Vending Machines


Japan has more vending machines per capita than anywhere else in the world – around 23 per person!

They are called 自動販売機 jidō-hanbaiki from jidō, (automatic), hanbai (vending), and ki (machine), sometimes called自販機  jihanki for short.



Vending machines have been around for about 80 years in Japan with the first being made of wood and selling stamps and postcards.  They became popular during the Tokyo Olympics in 1964 to supply large numbers of people despite a lack of space and extra work force.  Then when the 100 yen coin was introduced in 1967, vending machines became much more widespread.  Anyone who owns land can put a vending machines outside their building, whether a business or a home. They can buy their own or for the cost of the electricity companies will set people up with them and maintain them and offer a percentage from the sales.  Now there are more than 5.5 million vending machines in Japan and they are one of the most profitable businesses.  Environmentalist critics however estimate that vending machines consume electricity equivalent to the output of one nuclear plant.

Vending machines can be found everywhere from shopping areas to the street sides of relatively remote areas and residential areas.  Japan has a low rate of vandalism and petty crime making vending machines a safe business.  In Japan they can be incredibly convenient, especially for high density living and people who shop on foot or by bicycle.  It’s Japan, so you can expect them to be always stocked and always working.


Of course, there are the usual cold and hot drinks and snack machines, but in Japan you can find almost anything in a vending machine!  Unexpected food items are available like rice, eggs, milk, fresh meat, hot foods like instant noodles and fried food, and even fresh lobsters you can catch yourself.  You can also find vending machines that sell disposable cameras, film, batteries, phone cards, comics, action figurines, stamps, postcards, alcohol, flowers, umbrellas, lingerie, Rhinoceros beetles (popular as pets), omikuji (small slips of paper with fortunes usually sold at shrines & temples), toys, CDs, toilet paper, iPods, magazines, toothbrushes, mobile phone recharging, and many more!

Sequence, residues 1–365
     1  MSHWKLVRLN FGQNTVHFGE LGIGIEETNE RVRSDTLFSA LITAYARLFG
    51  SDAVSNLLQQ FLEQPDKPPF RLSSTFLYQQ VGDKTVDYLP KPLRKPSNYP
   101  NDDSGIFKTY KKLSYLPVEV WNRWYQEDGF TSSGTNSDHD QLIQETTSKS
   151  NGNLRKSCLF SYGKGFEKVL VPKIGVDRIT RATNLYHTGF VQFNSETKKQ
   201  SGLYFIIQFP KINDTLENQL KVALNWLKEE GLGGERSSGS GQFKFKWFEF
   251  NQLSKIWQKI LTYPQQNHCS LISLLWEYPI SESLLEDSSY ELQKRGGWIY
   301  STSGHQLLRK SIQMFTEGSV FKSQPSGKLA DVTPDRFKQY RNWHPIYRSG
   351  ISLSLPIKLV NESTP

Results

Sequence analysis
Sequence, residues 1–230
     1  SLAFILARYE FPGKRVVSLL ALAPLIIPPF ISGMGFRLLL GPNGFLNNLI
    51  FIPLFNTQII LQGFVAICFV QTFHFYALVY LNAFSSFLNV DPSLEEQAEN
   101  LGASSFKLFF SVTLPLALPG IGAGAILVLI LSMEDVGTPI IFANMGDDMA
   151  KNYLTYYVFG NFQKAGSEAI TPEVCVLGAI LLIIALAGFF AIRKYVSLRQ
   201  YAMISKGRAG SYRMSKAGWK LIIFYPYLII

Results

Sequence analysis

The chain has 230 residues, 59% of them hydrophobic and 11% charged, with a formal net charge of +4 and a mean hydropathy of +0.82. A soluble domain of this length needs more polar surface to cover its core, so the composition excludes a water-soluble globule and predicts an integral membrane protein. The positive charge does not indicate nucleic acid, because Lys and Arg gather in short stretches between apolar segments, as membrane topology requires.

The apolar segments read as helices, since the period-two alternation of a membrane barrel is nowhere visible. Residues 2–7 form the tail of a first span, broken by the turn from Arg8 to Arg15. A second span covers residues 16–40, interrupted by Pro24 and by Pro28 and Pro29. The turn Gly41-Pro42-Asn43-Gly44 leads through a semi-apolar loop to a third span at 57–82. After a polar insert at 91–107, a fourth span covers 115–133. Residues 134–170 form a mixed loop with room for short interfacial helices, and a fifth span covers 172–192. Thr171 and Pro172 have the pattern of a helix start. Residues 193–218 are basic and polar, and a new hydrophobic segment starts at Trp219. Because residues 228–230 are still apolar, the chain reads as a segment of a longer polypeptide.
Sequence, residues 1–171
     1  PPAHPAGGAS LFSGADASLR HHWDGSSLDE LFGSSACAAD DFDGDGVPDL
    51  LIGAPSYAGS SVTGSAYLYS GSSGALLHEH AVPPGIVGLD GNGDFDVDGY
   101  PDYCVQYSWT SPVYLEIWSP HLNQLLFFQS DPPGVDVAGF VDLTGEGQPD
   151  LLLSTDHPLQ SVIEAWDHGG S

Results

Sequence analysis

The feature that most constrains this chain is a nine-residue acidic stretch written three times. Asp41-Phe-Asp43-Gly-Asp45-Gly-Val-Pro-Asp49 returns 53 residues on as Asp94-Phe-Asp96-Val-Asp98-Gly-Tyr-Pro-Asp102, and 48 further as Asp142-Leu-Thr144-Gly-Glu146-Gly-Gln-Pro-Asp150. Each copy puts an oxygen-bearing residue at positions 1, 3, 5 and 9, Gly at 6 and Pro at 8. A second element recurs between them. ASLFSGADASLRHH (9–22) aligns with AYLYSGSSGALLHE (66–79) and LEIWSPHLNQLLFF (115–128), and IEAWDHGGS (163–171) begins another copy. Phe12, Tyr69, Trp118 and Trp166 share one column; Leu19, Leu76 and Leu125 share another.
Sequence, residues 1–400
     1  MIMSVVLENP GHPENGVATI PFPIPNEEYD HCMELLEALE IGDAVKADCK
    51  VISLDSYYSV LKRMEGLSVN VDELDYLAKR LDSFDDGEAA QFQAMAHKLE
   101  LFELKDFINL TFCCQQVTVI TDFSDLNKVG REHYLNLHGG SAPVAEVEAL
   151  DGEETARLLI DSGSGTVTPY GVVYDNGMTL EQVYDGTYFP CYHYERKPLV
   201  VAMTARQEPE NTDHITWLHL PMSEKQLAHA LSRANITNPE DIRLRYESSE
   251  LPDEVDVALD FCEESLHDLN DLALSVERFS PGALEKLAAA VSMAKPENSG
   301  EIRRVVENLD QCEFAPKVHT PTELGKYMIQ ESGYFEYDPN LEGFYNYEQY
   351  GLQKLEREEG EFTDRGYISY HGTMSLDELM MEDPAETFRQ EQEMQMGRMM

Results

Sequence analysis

New technology is always being developed.  For example, a series of   vending machines that use facial recognition technology (determining age and gender) to recommend to customers what they want to drink has been introduced in Japan.   It shows recommended beverages that likely suit your taste, estimating your gender and age through analyzing your appearance via a sensor set at the upper part of the machine, and also considering the time of day and temperature. In addition, by recording data of what products consumers – which gender, which age – bought, it is expected to collect more precise, detailed marketing data.  It was first installed in 2010 and by the end of 2013 about 500 machines have been placed in Major Stations of JR East.

Japan has strict laws about recycling so machines often have a recycling bin built or one is placed nearby.




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